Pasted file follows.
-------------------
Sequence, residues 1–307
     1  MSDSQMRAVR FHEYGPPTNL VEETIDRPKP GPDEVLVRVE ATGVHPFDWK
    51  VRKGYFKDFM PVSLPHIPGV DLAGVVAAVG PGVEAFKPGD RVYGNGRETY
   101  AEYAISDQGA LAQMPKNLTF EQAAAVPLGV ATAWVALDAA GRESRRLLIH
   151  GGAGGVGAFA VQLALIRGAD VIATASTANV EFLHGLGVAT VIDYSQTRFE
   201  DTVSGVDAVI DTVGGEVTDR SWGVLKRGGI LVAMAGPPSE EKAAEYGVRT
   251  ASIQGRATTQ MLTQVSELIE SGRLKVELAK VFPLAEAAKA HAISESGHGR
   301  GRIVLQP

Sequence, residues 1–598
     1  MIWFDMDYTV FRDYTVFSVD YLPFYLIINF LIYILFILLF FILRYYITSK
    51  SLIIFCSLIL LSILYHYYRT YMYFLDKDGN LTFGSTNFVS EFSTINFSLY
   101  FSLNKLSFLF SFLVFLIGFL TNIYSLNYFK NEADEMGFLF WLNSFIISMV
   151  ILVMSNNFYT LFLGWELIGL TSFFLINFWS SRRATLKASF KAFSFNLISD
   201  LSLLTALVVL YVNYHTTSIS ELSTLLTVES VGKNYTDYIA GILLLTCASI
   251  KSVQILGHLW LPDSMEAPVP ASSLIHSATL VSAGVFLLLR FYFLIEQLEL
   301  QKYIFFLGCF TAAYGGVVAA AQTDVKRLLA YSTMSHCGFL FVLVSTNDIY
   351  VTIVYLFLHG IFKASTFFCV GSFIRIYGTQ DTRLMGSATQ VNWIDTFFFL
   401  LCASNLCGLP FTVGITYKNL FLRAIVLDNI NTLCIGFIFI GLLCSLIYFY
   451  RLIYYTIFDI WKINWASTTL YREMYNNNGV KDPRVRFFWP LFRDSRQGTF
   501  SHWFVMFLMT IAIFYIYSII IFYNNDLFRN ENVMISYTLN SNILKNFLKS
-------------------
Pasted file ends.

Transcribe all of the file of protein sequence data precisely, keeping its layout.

Sequence, residues 1–307
     1  MSDSQMRAVR FHEYGPPTNL VEETIDRPKP GPDEVLVRVE ATGVHPFDWK
    51  VRKGYFKDFM PVSLPHIPGV DLAGVVAAVG PGVEAFKPGD RVYGNGRETY
   101  AEYAISDQGA LAQMPKNLTF EQAAAVPLGV ATAWVALDAA GRESRRLLIH
   151  GGAGGVGAFA VQLALIRGAD VIATASTANV EFLHGLGVAT VIDYSQTRFE
   201  DTVSGVDAVI DTVGGEVTDR SWGVLKRGGI LVAMAGPPSE EKAAEYGVRT
   251  ASIQGRATTQ MLTQVSELIE SGRLKVELAK VFPLAEAAKA HAISESGHGR
   301  GRIVLQP

Sequence, residues 1–598
     1  MIWFDMDYTV FRDYTVFSVD YLPFYLIINF LIYILFILLF FILRYYITSK
    51  SLIIFCSLIL LSILYHYYRT YMYFLDKDGN LTFGSTNFVS EFSTINFSLY
   101  FSLNKLSFLF SFLVFLIGFL TNIYSLNYFK NEADEMGFLF WLNSFIISMV
   151  ILVMSNNFYT LFLGWELIGL TSFFLINFWS SRRATLKASF KAFSFNLISD
   201  LSLLTALVVL YVNYHTTSIS ELSTLLTVES VGKNYTDYIA GILLLTCASI
   251  KSVQILGHLW LPDSMEAPVP ASSLIHSATL VSAGVFLLLR FYFLIEQLEL
   301  QKYIFFLGCF TAAYGGVVAA AQTDVKRLLA YSTMSHCGFL FVLVSTNDIY
   351  VTIVYLFLHG IFKASTFFCV GSFIRIYGTQ DTRLMGSATQ VNWIDTFFFL
   401  LCASNLCGLP FTVGITYKNL FLRAIVLDNI NTLCIGFIFI GLLCSLIYFY
   451  RLIYYTIFDI WKINWASTTL YREMYNNNGV KDPRVRFFWP LFRDSRQGTF
   501  SHWFVMFLMT IAIFYIYSII IFYNNDLFRN ENVMISYTLN SNILKNFLKS